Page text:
The present invention enables the provision of a functional gradient in any of the above-mentioned material properties throughout at least part of the energetic product, without the requirement of blending various materials. A gradient can be discrete, continuous or essentially continuous. A discrete gradient can be formed by discrete, adjacently deposited layers of materials (as for example described in WO 2017/164732
). For optimal performance however, a continuous or essentially continuous gradient is preferred as this will provide a smoother transition in material properties.
With the present invention, a continuous gradient can be obtained by continuously varying the volume ratio of the first material to the second material. In practice, such a continuous variation can be achieved in the longitudinal direction of the multi-layered filament. In the axial direction or directions between the axial and longitudinal direct, the gradient is in practice typically an essentially continuous gradient.
An essentially continuous gradient is a gradient which progresses in small discrete steps, but which steps are considerably smaller than can be achieved by extrusion of a non-layered filament, as e.g. described in aforementioned WO 2017/164732
. For instance, with the conventional method described in WO 2017/164732
, the change of 100 weight% first material to 100 weight% second material can only be achieved in one single, large step: depositing first a layer (or row) of the first material and adjacently depositing a second layer (or row) of the second material. Even if 100 layers would be deposited, the step would still be made from one layer to the next layer, thus a discrete step of 100% difference. In contrast, the present invention enables to vary the amount of first material within each deposited layer very slightly, e.g.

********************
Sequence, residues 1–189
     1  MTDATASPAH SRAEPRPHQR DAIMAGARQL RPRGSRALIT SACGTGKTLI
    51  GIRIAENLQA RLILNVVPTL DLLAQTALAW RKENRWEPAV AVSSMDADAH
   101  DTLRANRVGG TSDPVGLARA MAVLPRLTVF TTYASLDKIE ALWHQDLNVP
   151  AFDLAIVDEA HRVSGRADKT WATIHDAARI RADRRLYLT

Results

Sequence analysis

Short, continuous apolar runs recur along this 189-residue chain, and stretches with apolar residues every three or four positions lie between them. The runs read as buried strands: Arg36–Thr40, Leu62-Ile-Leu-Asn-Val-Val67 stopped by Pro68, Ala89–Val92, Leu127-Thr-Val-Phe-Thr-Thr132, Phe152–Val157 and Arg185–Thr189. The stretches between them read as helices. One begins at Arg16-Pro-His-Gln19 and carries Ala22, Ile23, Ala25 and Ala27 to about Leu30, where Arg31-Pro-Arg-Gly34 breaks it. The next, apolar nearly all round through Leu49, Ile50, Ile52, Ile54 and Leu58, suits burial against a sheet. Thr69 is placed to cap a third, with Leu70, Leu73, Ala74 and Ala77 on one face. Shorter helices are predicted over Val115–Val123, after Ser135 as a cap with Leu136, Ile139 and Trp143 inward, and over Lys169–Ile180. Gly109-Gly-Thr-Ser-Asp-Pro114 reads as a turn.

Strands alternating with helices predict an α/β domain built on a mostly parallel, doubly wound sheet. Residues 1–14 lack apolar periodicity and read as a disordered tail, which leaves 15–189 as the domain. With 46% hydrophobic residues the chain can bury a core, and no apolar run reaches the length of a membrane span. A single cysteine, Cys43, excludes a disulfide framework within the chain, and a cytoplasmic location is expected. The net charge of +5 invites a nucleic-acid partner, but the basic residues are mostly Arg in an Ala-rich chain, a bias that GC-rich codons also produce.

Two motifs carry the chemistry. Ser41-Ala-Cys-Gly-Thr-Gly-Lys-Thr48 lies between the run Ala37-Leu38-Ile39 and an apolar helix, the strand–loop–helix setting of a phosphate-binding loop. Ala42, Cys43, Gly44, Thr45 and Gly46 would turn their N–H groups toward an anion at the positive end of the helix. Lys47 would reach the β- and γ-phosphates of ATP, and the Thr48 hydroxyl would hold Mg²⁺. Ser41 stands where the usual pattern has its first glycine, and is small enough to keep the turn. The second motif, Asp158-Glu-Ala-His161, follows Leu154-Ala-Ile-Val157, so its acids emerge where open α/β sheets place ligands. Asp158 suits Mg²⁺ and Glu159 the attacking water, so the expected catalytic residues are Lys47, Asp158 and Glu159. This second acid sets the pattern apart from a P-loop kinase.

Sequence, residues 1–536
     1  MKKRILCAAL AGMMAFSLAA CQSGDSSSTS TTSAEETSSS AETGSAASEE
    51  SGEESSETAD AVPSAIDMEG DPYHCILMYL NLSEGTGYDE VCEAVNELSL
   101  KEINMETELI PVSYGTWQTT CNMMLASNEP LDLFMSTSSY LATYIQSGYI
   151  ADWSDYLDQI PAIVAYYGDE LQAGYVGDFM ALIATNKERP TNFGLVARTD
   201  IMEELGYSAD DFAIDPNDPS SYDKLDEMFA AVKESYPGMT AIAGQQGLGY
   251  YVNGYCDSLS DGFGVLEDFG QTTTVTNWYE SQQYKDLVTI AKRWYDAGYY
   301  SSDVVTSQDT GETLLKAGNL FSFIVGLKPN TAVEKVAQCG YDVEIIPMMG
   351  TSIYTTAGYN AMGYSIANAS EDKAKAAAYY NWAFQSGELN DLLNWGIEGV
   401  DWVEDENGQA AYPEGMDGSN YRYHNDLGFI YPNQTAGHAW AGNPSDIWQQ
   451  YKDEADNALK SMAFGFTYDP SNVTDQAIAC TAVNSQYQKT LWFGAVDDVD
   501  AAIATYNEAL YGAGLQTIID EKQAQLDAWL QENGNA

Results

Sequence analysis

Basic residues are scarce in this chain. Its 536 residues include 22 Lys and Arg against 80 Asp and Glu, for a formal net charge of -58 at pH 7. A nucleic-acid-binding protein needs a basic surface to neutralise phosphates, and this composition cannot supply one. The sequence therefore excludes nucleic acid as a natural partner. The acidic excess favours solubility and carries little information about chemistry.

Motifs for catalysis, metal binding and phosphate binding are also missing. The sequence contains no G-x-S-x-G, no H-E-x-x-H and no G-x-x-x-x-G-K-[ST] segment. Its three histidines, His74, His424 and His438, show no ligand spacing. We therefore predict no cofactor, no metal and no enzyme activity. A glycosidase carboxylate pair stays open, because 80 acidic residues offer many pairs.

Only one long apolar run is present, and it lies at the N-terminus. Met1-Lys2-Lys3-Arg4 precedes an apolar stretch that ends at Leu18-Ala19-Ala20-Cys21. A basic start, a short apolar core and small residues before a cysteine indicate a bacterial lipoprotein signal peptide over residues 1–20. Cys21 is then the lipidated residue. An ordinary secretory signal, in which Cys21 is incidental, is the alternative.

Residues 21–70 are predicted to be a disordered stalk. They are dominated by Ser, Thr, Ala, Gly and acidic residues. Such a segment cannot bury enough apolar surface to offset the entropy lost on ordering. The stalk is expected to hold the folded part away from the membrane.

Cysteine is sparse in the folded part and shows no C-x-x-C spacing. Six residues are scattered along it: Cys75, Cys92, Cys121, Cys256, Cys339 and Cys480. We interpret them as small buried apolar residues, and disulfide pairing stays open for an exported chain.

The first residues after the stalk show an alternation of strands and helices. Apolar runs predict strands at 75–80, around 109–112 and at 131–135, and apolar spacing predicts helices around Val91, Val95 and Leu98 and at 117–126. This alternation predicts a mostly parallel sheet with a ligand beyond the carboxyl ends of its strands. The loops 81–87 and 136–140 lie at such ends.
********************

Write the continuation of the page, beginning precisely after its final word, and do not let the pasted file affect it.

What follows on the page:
1 weight%, such that the gradient of 100 weight% first material to 100 weight% second material is achieved in 100 layers, having 100 very small discrete steps resulting in an essentially continuous gradient. An example of an essentially continuous gradient porous ceramics materials (i.e
. a non-energetic material) was found to be described in Choi et al. J. Am. Ceram. Soc. 99 (2016) 395-398
By using the plurality of core layers that are separately positioned in the shell layer as described herein-above (see for instance Figures 4C), it is possible that the essentially continuous gradient even further approximates a continuous gradient.
The present invention is typically not confined to specific materials and energetic materials, as long as these materials allow to be used in additive manufacturing.
The amount of energetic material in the energetic product may be 30 % or more by total weight of the product, such as 40-95 %, or 45-90 %. It is possible that ingredients in the product perform multiple functions. For example, an energetic material can at the same time be a plasticizer or a binder.
In addition to the energetic materials, energetic product may further comprise a binder, which binder may or may not be an energetic binder. Suitable non-energetic binders include acrylates as disclosed in WO2017164731